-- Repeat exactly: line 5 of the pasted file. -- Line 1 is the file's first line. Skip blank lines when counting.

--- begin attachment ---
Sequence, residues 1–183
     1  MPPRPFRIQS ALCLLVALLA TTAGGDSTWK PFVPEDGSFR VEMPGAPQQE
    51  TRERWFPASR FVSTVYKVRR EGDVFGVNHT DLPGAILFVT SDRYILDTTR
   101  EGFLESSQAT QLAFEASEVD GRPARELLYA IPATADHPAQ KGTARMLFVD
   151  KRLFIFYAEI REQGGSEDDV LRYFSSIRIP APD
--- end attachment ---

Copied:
   151  KRLFIFYAEI REQGGSEDDV LRYFSSIRIP APD